Break up Whitbread and let Costa star in its own show

Elizabeth Fournier
IN a day peppered with corporate disappointments, Whitbread and its shareholders will have been more than happy to have seen their first-half results described as “outstanding” on more than one occasion.

The FTSE 100 leisure firm used the term itself in its results presentation, and analysts were also keen to heap praise on a close-to 30 per cent rise in profit and huge expansion plans.

It’s too bad then, that in both cases the superlative was only being applied to one part of the business – the Costa coffee chain that has continued to go from strength to strength despite a seemingly saturated UK market.

While underlying profit before tax at Whitbread grew by 10.6 per cent, Costa outshone the firm’s other brands with a 29.9 per cent rise. In a market where discretionary spend is getting tighter by the minute, that’s impressive, and polls suggest that as well as growth through expansion Costa is also grabbing market share from competitors.

Aside from mid-market hotel chain Premier Inn, none of Whitbread’s other brands – Beefeater, Brewer’s Fayre, Table Table – get so much as a namecheck in the update. Lumped together under the Hotels and Restaurants label, where total revenue grew 10 per cent, even the firm’s own update can’t find much to shout about beyond “menu management, margins and operating efficiencies”. And while Premier Inn (included under that header but also reported individually) had a decent first-half with revenues up 12.9 per cent compared to restaurants’ 5.3 per cent, the outlook acknowledges that the hotel sector’s Olympic shine will soon fade, leaving “more moderate” conditions for the rest of the year.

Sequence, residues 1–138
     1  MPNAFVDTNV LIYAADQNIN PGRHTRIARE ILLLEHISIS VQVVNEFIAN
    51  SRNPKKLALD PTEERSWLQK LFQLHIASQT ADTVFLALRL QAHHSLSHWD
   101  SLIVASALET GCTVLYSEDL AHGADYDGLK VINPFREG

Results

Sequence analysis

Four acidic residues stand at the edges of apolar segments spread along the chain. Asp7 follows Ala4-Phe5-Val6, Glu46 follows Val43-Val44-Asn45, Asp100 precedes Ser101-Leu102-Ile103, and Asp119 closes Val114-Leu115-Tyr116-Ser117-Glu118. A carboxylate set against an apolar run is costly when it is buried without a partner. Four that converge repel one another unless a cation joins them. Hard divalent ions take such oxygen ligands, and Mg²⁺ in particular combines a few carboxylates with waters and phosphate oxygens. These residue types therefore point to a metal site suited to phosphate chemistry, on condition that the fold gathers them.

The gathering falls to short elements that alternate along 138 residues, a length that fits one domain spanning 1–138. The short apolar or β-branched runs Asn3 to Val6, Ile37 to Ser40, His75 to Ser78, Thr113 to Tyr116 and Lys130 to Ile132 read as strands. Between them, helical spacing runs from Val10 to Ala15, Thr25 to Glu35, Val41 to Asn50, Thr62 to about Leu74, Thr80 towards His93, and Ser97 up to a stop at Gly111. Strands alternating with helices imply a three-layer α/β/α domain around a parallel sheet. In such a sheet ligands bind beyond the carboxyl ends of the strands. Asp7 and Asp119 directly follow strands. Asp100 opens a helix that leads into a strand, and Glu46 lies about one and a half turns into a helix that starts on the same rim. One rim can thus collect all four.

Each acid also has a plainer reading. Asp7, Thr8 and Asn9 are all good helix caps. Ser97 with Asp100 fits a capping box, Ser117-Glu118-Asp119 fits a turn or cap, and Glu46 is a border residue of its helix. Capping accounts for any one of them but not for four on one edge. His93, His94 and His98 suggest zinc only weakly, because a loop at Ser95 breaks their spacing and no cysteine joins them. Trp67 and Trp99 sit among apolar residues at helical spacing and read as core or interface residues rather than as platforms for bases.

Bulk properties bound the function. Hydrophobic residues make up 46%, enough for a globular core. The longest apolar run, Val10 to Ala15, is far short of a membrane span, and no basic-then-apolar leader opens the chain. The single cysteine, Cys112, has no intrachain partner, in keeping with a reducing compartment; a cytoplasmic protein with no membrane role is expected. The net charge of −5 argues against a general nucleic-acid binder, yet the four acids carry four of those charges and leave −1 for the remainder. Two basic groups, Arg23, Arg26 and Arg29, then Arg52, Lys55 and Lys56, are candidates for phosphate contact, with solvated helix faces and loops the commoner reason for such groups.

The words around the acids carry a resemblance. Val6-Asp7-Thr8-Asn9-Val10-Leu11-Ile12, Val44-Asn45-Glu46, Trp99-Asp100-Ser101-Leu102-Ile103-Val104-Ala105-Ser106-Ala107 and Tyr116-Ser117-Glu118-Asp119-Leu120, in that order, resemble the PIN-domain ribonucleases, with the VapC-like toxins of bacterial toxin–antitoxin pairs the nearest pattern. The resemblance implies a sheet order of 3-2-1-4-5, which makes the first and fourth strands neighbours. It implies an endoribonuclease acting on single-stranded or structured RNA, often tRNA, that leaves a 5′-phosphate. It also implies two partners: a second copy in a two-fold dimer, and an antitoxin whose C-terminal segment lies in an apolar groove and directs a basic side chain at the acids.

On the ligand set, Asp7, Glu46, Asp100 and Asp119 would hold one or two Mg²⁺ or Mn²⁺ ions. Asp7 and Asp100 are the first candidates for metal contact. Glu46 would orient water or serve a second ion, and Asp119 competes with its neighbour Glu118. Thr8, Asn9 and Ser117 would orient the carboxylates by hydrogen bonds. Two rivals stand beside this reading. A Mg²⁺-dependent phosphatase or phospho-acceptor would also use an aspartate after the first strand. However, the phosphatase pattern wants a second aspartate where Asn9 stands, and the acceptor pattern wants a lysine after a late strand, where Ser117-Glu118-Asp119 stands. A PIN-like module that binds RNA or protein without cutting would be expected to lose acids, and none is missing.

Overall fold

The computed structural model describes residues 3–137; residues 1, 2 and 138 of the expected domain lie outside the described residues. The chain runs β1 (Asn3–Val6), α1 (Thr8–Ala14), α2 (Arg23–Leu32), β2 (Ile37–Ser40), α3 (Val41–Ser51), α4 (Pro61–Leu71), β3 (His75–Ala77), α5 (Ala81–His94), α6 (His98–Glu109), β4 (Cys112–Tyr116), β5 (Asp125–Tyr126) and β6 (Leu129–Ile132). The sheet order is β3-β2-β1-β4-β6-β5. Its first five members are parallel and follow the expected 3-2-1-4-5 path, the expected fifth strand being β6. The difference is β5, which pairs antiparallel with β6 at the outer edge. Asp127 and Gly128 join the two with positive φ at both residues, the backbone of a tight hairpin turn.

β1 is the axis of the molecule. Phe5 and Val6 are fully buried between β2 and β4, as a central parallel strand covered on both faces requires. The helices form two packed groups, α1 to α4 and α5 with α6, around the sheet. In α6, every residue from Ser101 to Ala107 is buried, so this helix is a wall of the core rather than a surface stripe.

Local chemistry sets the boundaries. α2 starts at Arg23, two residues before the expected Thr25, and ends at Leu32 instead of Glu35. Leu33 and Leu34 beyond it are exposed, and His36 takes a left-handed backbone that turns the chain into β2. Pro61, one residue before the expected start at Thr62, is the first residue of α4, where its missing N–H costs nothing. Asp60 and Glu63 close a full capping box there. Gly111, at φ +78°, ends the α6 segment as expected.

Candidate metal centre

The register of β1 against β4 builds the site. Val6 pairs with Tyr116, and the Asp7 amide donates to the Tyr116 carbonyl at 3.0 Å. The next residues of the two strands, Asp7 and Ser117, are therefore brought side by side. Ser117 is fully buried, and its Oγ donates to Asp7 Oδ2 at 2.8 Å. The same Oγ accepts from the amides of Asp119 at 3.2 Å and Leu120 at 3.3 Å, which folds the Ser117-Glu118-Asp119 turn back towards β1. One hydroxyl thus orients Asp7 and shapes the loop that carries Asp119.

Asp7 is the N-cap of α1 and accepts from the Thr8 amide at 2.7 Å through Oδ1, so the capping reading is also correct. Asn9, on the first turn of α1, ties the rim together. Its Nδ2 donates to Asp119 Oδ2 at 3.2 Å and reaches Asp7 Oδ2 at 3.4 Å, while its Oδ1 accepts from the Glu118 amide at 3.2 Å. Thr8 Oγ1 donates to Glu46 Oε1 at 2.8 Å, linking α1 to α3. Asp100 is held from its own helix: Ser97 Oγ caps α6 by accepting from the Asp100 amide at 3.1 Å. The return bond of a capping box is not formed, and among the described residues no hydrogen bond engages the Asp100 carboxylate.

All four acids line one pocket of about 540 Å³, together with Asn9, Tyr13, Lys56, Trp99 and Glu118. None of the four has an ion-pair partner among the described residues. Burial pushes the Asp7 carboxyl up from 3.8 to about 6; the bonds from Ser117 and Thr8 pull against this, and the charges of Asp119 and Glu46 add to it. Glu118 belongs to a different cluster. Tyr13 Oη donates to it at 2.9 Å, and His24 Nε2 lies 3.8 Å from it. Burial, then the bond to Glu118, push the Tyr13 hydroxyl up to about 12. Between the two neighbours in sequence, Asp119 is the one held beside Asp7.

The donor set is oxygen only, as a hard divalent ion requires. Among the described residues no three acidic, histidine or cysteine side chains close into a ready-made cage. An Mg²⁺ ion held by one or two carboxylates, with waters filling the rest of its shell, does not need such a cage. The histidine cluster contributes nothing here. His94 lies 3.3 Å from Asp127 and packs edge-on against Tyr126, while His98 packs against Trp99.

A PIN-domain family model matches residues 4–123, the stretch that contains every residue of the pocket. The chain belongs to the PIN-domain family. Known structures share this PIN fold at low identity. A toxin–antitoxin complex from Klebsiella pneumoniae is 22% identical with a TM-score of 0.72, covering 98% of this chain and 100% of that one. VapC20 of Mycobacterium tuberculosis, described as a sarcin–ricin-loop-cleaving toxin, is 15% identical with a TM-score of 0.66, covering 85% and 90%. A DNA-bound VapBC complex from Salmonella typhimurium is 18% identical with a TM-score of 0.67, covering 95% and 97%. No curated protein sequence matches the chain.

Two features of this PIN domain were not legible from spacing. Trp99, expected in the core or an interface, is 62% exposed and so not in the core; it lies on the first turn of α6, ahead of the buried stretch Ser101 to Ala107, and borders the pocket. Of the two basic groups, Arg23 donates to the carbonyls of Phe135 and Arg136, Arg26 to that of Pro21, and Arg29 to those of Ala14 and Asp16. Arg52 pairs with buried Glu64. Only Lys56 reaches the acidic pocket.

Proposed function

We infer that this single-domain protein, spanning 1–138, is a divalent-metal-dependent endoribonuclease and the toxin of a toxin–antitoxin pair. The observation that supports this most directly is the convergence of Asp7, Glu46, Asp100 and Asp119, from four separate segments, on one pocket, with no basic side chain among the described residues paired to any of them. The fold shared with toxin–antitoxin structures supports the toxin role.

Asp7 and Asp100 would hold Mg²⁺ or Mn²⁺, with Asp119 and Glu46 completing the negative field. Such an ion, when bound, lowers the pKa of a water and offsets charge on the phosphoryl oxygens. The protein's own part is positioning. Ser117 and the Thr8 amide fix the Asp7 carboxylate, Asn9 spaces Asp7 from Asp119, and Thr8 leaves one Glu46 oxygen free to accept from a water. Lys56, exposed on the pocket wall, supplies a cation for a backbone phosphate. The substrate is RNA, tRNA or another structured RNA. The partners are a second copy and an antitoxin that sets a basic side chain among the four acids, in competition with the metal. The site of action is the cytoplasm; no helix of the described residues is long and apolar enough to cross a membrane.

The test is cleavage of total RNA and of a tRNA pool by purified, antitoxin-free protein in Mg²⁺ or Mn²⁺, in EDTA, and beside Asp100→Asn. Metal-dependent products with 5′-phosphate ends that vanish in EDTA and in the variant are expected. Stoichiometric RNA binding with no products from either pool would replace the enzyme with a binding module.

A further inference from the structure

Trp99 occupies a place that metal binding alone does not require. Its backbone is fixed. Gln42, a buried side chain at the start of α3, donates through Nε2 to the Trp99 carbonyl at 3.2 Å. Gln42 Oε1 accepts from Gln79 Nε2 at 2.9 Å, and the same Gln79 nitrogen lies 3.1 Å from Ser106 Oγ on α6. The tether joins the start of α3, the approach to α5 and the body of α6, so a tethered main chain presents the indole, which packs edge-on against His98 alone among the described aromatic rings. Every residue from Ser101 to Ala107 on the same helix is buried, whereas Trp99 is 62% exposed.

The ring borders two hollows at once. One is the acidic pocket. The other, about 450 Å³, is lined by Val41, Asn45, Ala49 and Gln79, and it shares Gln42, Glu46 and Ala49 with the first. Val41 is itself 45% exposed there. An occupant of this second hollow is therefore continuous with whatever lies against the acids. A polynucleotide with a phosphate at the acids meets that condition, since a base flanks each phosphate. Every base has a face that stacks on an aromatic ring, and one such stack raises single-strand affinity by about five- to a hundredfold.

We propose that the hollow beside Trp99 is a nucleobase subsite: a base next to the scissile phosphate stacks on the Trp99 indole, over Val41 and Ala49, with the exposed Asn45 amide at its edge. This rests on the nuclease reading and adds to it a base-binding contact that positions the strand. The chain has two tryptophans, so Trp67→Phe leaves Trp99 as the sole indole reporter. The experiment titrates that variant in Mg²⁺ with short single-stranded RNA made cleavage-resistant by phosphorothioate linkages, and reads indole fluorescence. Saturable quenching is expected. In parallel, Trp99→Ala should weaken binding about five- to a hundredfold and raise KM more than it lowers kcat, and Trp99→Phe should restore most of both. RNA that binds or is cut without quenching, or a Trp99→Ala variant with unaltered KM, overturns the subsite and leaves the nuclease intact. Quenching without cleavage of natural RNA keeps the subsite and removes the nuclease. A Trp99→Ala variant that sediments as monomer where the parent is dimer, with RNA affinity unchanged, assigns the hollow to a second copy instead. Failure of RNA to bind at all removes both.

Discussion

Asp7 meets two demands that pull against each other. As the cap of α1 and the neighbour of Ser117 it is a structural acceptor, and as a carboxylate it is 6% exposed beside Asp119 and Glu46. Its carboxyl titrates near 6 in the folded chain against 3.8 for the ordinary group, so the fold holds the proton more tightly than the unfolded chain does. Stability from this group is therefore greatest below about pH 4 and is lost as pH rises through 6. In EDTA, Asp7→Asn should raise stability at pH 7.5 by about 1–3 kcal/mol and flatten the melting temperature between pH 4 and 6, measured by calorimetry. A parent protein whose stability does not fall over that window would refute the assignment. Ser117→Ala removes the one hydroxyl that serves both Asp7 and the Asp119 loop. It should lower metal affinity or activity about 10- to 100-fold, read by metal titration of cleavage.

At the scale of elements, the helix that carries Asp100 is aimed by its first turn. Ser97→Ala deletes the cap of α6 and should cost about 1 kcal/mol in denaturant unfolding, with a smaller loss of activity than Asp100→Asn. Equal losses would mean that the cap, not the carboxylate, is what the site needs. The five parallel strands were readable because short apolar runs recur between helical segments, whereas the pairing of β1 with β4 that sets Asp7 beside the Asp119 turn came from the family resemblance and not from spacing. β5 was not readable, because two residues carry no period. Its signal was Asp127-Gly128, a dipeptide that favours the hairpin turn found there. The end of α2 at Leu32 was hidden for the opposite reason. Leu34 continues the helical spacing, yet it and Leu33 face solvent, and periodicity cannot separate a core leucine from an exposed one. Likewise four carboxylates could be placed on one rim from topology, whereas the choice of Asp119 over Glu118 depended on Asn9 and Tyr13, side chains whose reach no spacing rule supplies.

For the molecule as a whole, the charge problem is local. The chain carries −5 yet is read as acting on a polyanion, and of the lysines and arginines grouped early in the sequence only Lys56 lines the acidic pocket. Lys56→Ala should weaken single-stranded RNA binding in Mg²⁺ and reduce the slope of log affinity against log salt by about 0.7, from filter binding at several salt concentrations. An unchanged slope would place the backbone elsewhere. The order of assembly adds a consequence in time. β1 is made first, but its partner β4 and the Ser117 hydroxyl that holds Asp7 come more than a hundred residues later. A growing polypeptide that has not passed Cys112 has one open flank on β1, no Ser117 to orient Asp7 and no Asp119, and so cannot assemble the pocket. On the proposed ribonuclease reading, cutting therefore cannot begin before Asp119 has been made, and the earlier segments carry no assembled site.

Costa, on the other hand, seems unstoppable. As the luxury crunch finally reaches China (see Mulberry, below) Whitbread is bulldozing into the country, which it has identified as its “biggest single market opportunity”. In the past six months alone it’s opened 37 Costa stores on the mainland, and even on a like-for-like basis sales are up 19.2 per cent.

And the bullish stance isn’t limited to overseas. Terrible weather in the UK – which apparently kept customers away from many leisure brands – seems to have driven them straight into Costa, and sales from the rebranded self-serve machines in service stations and supermarkets are up 86.8 per cent.

For long enough Whitbread has been a FTSE 100 safe haven, and there’s no doubt that its stable reputation is deserved – according to Hargreaves Lansdown its shares are up 39 per cent over the last year, massively outperforming the wider FTSE 100, which has grown just seven per cent.

But quarter after quarter of growth doesn’t seem to be enough for investors anymore, and shares dipped almost one per cent yesterday despite the upbeat results. Investec even has a “sell” rating on the stock, preferring Intercontinental Hotels Group, but the two shouldn’t have to be compared.

Instead, Whitbread needs to let Costa off the leash to plough its own domestic and international growth story. Chief executive Andy Harrison may have refused to rule out a split, but it’s about time he switched his passive stance to an active demerger plan.

Now that’d be outstanding.

Elizabeth Fournier is City A.M.’s news editor